I’ll demonstrate the principle with a functionality I recently used: k-permutation with repetition. (k defines the size of the output values. Permutation indicates that we care about order. Repetition says that output values can be created by reusing input values.) For example the k-permutation with repetition for the input set {A B} and k = 3 is {AAA, AAB, ABA, ABB, BAA, BAB, BBA, BBB}. We know that the size of the permutation is n^k. (n is the size of the input set.)

@Test public void kPermutationWithRepetitions() {
    int maxSize = 6; 
    
    for(String expected : toIterable(strings(1, maxSize))) {
        Set<Character> allowed =
            newHashSet(Chars.asList(expected.toCharArray()));
        Set<Character> additional =
            anySet(characters(), 0, maxSize - allowed.size());
        allowed.addAll(additional);
    
    
        int k = expected.length();
        Iterable<String> actual =
            kPermutationWithRepetition(allowed, STRING_ADD, k);
        
        assertEquals(
            Math.pow(allowed.size(), k), Iterables.size(actual), 0);
        assertTrue(Iterables.contains(actual, expected));
    }
}

The test uses Quickcheck and Guava. It starts by generating one expected result value. The interesting input value is the set of allowed characters. This set contains all characters of the result string plus some additional characters. We have to take care that the input set is small enough, otherwise the result size is too large to run the test in practice. With this in place we can call kPermutationWithRepetition that generates the actual result. The test checks that the expected value is in the result and that the size of the permutation is correct.

This example demonstrates that it can be much easier to start with an expected return value. Depending on the situation it’s appropriate to create the entire result or just aspects of it. If you can generate at least one result value, the probability of the generated values is evenly distributed over all results and you know the total result size, your test is sufficient.

20121128

My little stupid Raspberry Pi project: 1 LED and 1 Switch


I recently bought a Raspberry Pi. My goal is to build a living room mp3 player. As I’m a software guy the programming part isn’t a problem, but the mp3 player has to be able to respond to some buttons having a semantic like: “Hey, next song please!”. So I have to do some simple hardware. Sadly, my knowledge about electronics has faded. This is the journey of electronics ignorant in hardware land.

As the a first step, I put two examples from the raspbian user guide together. Pressing a switch toggles a LED, enabling and disabling it. Right now I’ve no idea how to calculate the pull-up-resistor for the switch and the resistor for the LED. I was happy to see that it simply worked.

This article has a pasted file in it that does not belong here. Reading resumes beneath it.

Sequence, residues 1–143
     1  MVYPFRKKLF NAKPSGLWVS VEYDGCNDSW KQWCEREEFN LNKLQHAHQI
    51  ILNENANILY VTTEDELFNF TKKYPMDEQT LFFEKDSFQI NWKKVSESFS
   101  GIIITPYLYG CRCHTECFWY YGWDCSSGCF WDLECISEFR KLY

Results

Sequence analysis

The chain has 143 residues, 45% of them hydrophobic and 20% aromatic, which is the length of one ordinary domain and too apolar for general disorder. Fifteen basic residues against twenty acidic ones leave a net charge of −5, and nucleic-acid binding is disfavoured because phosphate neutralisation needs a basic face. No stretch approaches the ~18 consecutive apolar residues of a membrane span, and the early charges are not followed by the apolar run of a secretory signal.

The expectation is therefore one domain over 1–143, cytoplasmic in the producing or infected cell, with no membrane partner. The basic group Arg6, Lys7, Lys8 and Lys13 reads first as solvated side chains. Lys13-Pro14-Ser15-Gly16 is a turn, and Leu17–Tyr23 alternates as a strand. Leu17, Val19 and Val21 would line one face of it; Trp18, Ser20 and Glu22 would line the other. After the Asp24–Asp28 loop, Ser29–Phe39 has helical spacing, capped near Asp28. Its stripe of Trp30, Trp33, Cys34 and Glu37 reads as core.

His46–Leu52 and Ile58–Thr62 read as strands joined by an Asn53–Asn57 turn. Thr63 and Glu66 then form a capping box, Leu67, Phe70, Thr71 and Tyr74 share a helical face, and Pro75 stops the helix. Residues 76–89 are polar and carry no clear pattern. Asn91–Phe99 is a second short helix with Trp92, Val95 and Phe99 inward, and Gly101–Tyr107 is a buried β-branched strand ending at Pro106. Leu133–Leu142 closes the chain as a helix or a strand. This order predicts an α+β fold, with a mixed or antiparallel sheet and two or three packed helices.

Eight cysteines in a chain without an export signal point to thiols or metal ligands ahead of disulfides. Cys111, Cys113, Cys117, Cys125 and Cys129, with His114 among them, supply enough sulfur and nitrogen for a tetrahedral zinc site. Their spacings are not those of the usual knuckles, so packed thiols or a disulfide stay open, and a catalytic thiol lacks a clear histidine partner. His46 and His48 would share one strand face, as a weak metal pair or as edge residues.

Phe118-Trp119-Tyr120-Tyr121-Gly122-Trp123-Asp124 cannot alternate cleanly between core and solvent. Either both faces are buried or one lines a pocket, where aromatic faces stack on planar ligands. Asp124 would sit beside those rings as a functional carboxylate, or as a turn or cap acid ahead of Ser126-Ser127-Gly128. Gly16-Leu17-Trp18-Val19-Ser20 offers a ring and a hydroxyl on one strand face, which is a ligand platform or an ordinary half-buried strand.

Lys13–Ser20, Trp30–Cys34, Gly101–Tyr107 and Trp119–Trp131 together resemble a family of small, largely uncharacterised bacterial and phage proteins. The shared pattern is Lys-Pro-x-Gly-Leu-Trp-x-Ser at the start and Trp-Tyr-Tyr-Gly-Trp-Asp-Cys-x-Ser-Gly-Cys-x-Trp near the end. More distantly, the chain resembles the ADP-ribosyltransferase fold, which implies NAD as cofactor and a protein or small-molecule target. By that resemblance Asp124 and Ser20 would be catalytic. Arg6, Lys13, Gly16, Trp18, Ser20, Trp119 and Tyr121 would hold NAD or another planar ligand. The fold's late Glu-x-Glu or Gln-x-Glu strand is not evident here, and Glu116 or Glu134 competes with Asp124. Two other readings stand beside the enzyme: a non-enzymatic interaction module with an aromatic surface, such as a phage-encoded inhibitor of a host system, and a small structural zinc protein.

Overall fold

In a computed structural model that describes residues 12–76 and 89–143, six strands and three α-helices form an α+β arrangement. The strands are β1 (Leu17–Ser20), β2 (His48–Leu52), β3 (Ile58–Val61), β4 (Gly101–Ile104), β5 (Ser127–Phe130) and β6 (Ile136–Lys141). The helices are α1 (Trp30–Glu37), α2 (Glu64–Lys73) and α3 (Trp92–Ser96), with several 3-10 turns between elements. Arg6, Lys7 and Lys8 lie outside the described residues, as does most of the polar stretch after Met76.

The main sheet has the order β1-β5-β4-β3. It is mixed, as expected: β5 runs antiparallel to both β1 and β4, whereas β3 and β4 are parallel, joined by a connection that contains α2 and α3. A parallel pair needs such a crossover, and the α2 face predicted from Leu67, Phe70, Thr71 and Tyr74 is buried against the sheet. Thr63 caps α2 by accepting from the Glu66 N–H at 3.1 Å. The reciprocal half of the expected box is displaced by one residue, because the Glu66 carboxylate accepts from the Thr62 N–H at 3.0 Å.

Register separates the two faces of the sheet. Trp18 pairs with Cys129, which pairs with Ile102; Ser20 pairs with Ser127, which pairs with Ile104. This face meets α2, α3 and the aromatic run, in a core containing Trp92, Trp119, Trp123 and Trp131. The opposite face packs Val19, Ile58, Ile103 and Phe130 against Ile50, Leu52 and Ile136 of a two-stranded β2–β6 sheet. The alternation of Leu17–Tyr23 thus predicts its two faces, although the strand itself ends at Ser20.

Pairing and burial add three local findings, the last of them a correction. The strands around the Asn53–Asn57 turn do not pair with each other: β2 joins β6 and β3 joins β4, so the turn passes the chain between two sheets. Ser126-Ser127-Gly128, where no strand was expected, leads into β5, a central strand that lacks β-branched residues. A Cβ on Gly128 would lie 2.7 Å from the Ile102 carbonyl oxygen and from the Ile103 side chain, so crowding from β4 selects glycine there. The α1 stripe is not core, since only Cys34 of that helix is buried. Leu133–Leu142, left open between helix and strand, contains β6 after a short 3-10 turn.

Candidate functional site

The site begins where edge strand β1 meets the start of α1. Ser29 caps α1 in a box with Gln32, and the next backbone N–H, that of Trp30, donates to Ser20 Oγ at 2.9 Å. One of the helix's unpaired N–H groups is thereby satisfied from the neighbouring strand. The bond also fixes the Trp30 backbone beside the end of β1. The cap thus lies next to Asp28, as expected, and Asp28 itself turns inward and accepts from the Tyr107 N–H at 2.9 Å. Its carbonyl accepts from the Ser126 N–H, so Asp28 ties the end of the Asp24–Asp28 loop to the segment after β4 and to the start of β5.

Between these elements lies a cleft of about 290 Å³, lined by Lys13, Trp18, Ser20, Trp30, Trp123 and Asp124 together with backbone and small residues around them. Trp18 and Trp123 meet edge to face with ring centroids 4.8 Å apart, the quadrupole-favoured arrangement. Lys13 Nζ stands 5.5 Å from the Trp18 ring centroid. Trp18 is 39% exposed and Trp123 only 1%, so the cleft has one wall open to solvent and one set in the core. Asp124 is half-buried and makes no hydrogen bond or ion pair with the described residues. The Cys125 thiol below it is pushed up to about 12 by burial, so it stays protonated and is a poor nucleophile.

Parts: Breadboard, 10k Ohm, 150 Ohm, Switch, 1 Led, Jumper Wires

What I learnt so far

There are four and five band resistor color codings. One half of the resistors I use are four band coded and the other half five band coded. Man, this is like software world with downward compatibility. Can’t they just use five bands?

The world outside of a computer has x,y,z axis. There is a difference between nice, short and too f***ing short cables. Because they had only male jumper wires at my store, things are a bit improvised anyway. I had to fit an end connector pin on the male wire. The guy at the shop said I should solder it on. Yeah right, the first thing I’ll do is soldering; adding some shrink tubing is also a good idea. The x,y,z problem also applies to switches. They actually have to fit into the Breadboard.

Software-wise the project is very simple. I use the raspberry pi GPIO python library. I read the state of the switch from port 12 and enable the LED on the first and disable the LED on the second state change.

import RPi.GPIO as GPIO
import time
GPIO.setmode(GPIO.BOARD)
GPIO.setup(11, GPIO.OUT)
GPIO.setup(12, GPIO.IN)
state = False

def wait():
 time.sleep(0.1)
while True:
 wait() #don't burn the CPU
 if not GPIO.input(12):
    print state
    state = not state
    GPIO.output(11, state)
    while not GPIO.input(12):
            wait()
            continue

Not very surprisingly it’s a good idea to not poll the input port constantly. Otherwise the python process would use 100% of the available CPU time. I don’t know yet how to replace the polling with GPIO interrupts.


I think I won the first round of the hardware game:
a) It works.
b) My Raspberry is still alive.
c) It’s quite clear I have to learn and practice a lot.